To this end leaders need to develop the capacity of being agile. This is an agility of thinking, being able and willing to step outside of their perspective to see others’ perspectives (a skill also required for collaboration). Connected to agility is the capacity to be flexible in making swift decisions in the midst of distraction, to adapt preferred leadership styles according to situations and team members’ personality and interactive styles.
The research team at Hult set out to investigate whether a mindfulness training would impact these three capacities. The mindfulness training they used in the research was the 8-week Mindfulness-Based Stress Reduction programme created by Kabat-Zinn. Their participants were a cross-sector group of 57 senior leaders.
The starting point: What is Mindfulness?
According to Kabat-Zinn Mindfulness is “the awareness that arises from paying attention on purpose, in the present moment and nonjudgmentally”. In other words, mindfulness is a choice, the choice to be aware of oneself, of others, and of what happens around us.
What did they find?
Approximately 3 months after the Mindfulness programme, participants were administered a Survey, aimed to discover the extent to which participants felt the programme had impacted the three key leadership capacities of resilience, collaboration and leading in complexity described above.
When asked to explain the area that they felt they had experienced most impact in as a result of the programme, 40% of respondents detailed answers relating to ‘less stress’, ‘calmness’, and ‘emotional regulation’. Popular responses also included the ability to respond rather than react (14%) and increased focus (11%).
Post programme impact:
The most important finding was regarding the meta-capacities that participants reported being enabled by the Mindfulness programme and practice.
The first of these meta-capacities was the ability they discovered to choose to observe what they were thinking and feeling. Observe is the crucial word here – observing what is happening now, in the very moment, in our thoughts, feelings, and body. This meta-capacity is fundamental in freeing us from the ‘automatic’ thinking and ruminating.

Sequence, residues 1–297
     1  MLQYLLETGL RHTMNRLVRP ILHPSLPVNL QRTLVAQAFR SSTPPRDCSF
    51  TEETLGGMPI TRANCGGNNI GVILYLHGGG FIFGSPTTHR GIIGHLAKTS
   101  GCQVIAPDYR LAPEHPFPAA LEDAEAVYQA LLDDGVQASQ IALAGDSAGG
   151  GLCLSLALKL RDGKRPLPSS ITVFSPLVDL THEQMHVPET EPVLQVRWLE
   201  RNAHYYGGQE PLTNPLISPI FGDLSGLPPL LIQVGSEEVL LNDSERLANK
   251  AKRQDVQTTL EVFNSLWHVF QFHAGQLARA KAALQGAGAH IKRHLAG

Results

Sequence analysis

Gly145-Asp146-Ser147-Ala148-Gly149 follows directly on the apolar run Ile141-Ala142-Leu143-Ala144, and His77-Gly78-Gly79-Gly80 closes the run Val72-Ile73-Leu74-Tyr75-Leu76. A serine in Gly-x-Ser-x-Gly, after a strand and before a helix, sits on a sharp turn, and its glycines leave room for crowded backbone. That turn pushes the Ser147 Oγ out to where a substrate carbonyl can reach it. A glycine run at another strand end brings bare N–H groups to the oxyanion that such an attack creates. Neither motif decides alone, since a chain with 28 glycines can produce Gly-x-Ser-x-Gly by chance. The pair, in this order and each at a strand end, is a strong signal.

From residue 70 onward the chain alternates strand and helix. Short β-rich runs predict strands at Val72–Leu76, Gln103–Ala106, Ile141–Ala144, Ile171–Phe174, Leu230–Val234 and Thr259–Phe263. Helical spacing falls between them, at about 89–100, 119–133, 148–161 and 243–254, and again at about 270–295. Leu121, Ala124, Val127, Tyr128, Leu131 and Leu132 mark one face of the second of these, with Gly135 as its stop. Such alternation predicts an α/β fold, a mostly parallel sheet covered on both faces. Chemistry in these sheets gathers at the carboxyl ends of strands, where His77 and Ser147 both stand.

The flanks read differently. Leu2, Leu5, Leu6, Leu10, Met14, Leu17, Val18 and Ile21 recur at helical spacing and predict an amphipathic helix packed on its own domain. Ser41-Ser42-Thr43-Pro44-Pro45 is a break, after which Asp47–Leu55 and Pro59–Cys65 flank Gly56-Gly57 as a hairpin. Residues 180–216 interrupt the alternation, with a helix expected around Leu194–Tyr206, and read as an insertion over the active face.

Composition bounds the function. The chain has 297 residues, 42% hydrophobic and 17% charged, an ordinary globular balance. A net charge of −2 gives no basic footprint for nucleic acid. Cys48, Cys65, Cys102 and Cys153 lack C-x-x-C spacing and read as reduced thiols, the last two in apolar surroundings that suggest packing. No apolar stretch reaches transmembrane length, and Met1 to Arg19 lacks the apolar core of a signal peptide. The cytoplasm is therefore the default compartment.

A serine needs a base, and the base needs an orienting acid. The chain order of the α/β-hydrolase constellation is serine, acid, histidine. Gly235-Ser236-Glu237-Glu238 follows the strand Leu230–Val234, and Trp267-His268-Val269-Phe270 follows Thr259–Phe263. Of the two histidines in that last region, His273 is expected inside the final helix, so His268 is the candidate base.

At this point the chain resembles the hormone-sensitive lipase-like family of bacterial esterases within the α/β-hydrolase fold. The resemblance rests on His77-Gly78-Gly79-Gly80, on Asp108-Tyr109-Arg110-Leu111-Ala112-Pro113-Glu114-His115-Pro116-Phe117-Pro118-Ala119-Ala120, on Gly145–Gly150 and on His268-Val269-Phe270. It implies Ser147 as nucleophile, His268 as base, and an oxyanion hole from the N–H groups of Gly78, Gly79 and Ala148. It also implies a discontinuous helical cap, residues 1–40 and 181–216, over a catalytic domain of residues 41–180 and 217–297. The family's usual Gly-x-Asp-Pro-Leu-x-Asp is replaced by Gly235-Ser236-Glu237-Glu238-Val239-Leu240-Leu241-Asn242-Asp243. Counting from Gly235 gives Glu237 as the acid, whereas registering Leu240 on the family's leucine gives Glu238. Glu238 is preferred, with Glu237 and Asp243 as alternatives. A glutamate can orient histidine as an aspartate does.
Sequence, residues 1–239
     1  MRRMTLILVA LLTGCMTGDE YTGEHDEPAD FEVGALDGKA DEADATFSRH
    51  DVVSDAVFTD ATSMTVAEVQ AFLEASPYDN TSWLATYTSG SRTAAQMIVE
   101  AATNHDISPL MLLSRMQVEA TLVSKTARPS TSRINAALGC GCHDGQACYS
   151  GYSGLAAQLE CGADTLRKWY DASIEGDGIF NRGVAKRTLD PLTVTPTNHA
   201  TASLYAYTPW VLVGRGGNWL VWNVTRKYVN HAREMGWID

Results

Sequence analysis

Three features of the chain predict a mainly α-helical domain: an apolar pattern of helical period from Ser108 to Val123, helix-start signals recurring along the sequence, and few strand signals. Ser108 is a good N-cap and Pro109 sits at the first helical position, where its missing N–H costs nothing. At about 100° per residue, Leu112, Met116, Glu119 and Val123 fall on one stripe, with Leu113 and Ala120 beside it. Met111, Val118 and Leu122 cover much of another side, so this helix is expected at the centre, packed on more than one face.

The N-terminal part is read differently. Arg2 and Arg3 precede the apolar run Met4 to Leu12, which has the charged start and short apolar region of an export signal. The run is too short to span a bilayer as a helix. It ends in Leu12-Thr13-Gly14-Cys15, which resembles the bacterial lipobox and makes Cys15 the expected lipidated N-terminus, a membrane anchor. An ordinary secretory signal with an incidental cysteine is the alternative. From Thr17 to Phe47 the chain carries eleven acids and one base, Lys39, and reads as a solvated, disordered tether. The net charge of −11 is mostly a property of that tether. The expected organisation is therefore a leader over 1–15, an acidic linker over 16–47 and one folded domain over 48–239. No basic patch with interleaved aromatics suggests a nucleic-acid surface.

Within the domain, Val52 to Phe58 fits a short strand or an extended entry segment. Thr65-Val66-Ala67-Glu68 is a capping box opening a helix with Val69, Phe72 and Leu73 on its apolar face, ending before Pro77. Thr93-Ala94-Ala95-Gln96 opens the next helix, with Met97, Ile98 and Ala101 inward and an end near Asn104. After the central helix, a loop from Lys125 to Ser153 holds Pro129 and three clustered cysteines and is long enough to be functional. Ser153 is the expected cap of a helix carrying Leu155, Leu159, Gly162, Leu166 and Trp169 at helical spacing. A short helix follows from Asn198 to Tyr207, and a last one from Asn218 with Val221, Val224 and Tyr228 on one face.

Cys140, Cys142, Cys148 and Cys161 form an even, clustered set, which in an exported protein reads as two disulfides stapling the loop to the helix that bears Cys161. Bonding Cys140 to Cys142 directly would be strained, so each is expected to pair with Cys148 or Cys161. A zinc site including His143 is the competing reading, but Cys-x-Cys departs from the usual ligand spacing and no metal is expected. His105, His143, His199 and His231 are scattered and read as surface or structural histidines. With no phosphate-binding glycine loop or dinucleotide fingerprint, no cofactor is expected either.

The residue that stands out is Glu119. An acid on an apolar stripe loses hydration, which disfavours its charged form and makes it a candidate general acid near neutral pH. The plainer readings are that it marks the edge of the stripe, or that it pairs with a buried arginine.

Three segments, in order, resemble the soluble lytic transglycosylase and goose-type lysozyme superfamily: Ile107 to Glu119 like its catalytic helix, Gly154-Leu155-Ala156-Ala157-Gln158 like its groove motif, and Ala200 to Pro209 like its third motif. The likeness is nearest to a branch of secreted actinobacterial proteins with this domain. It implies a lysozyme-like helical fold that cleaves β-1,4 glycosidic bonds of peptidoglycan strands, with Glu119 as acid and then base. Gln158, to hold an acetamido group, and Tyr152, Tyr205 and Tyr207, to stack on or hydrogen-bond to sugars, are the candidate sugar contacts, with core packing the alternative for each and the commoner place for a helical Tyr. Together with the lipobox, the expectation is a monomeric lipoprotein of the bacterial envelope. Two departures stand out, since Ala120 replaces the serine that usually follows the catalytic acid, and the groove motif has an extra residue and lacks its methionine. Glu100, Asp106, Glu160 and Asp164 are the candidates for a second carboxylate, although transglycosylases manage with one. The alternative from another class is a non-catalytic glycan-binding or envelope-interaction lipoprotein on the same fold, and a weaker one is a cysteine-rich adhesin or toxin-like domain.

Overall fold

The second meta-capacity was defined as curiosity towards the present moment, what happens in the present to us, to others, around us.
And curiosity helped the third meta-capacity, the attitude of allowing, being more understanding towards self and others, especially facing stressful situations.
These meta-capacities helped to develop 5 cognitive and emotional skills:
- Emotional regulation – the ability to make a conscious choice when responding to situations rather than reacting automatically following to emotional wave of the moment
- Perspective taking – the ability of considering situations and ideas from different angles; this ability impacted on the quality of decisions
- Empathy – the ability of focusing more on others than self
- Focus – the ability to concentrate and use selective attention to enhance clarity of thought and quality of decisions
- Adaptability – the ability to adapt to changing situations and context and people
These conclusions lead to develop a theory of Mindful leadership that may represent the basis for further research and development in this area.
When a combination of the three meta-capacities of metacognition, curiosity and allowing are present a space opens in the flow of experience in which choiceful response becomes possible. This in turn impacts on the 5 cognitive and emotional skills mentioned above.
The diagramme of the theory developed from this study is shown on the right:
We thought important to share this research as it contributes to the understanding and evaluation of how mindfulness practice might be relevant to leaders in our century.
Though there is still surely room for exploration, the ﬁndings research are extremely valuable as they support the hypothesis that mindfulness training and practice may be helpful in equipping leaders with relevant and useful capacities for the next global challenge ahead.
For us coaches and trainers Mindfulness nowadays represents a fundamental area to grow and present to our clients to bring about a deeper level of development having a positive impact on a whole set of skill crucial to leaders and their leadership of teams in a sort of cascade fashion.
Source: ‘The Mindful Leader’ by Reitz, M, Chaskalson, M., Olivier S., Waller, L., November 2016, Hult Research
LEARNING AND DEVELOPMENT
PeopleSmart has recently developed a rich catalogue of virtual workshops to support clients continue developing crucial skills and capacities in quick, practical and engaging programmes in remote. Notice that we offer virtual workshops and not traditional webinars. We really aim at providing a fruitful learning experience where participants can interact with the facilitator and participate in different type of activities.
Some examples of our programmes related to Emotional Intelligence topics:
- Resilience and Mindfulness
- Exploring Emotional Intelligence
- Motivating others
- Motivation and Neuroscience
- Understanding and leading through change
- Self-confidence and Charisma
- • GENOS New Leading with Emotional Intelligence series
Our workshops are 60’ or 90’ minutes long and are run on Zoom.
Our great team of coaches is also available to support you with Coaching sessions in remote.
Please, contact us for further information: email@example.com
We are excited to share with you our incredible new Podcast series called ‘Leadership luminaries’ created and curated by Michael Banks.
Please visit the ‘Leadership luminaries‘ by selecting the image below: